We don’t catch everything, but these practices have greatly improved our stain removal and greatly reduced the rewash percentages. Hope this information is of help to you. Thank you for your time.

Chemicals Supply: Rich Fosmire, Epic Industries a Division of Simoniz USA, Bolton, Conn.

I first try to determine exactly what percentage of the total wash process is reject/rewash. An acceptable number for healthcare is 2-3%. For hospitality linens, a level of 2-6% is acceptable. If you are unsure what your rate is, save all rejected linen for a week, weigh it and compare that number to the total pounds produced for the same period.  

For instance, say we determine the stain rewash rate to be 10%—too high by industry standards—we need only find a way to reduce that by about 7% to compare with what is normally acceptable. This is important because attempting to totally eradicate all stains only leads to washing the life out of the linen, leading to high linen replacement costs, which is the costliest part of a laundry’s budget.

After obtaining a good idea of stain rewash percentage, I next inspect the collection and sorting procedures. When it comes to healthcare linen, this is an on-going battle. We have the nurse’s aides who are responsible for the collection procedure on the floors.  

The preferred process is for the aide to shake out the linen to remove any bodily waste. When this isn’t done, the soils end up staining the linen. The nursing staff needs to be involved in training and monitoring the aides to make sure this critical procedure is observed.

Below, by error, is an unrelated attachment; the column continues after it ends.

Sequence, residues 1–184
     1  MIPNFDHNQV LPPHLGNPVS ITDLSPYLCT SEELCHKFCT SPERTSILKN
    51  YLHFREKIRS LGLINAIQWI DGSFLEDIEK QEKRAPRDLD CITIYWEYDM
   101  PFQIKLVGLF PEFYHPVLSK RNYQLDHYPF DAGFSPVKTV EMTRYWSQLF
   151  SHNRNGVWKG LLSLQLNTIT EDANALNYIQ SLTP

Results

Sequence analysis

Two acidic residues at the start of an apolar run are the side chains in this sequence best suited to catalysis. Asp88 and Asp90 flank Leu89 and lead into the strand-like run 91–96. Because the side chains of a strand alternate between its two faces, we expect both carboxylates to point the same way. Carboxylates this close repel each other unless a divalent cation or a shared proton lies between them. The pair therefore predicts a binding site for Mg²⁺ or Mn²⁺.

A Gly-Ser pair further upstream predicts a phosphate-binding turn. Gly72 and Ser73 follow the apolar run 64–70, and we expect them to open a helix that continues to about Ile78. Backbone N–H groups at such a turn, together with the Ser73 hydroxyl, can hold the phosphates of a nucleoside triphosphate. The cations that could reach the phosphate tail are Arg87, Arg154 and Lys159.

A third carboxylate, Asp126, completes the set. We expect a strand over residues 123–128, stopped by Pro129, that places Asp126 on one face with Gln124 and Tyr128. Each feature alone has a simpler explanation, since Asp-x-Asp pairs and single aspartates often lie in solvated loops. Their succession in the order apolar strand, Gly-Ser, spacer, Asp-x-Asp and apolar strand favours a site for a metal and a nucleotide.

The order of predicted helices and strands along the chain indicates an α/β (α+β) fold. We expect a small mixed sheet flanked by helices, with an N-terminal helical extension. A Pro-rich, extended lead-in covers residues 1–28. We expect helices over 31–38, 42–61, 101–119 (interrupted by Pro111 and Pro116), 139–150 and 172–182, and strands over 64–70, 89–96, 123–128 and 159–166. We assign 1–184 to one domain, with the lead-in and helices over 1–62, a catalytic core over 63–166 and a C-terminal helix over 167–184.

In hospitality, a similar shake-out procedure needs to be observed by the housekeeping staff. They need to be alert to misuse of the towels from makeup, food stains or shoe polish. In both settings, management should take the necessary steps to ensure all of these procedures are followed.

I next look at the wash formulas themselves. The chemical representative can recommend the proper formulas to get things clean the first time.  

One of my “best practices” is to have at least one flush step at the beginning, at cold or warm temperature, to get rid of any heavy particulates, blood or food scraps on the fabric surface. The formula itself is a delicate balance of time, temperature, mechanical action and chemicals. If one area is compromised, the other three must take up the slack.  

When attempting stain control, temperature needs to be checked throughout the day. First loads of the day may get good hot water, but what about later? Are temperatures still at optimum levels?  

Other questions a laundry manager needs to determine include: Are proper formulas being used? Are short cuts being taken to get things washed faster?

These suggestions are not new, but it is good to review them from time to time because when we stray from the formula, we pay the price, either higher replacement costs or a recommendation to close the OPL and outsource, leading to the loss of jobs.  

Miss Part 1 with advice from a consultant and an equipment manufacturer? Click here to read it.

Have a question or comment? E-mail our editor Matt Poe at [email protected].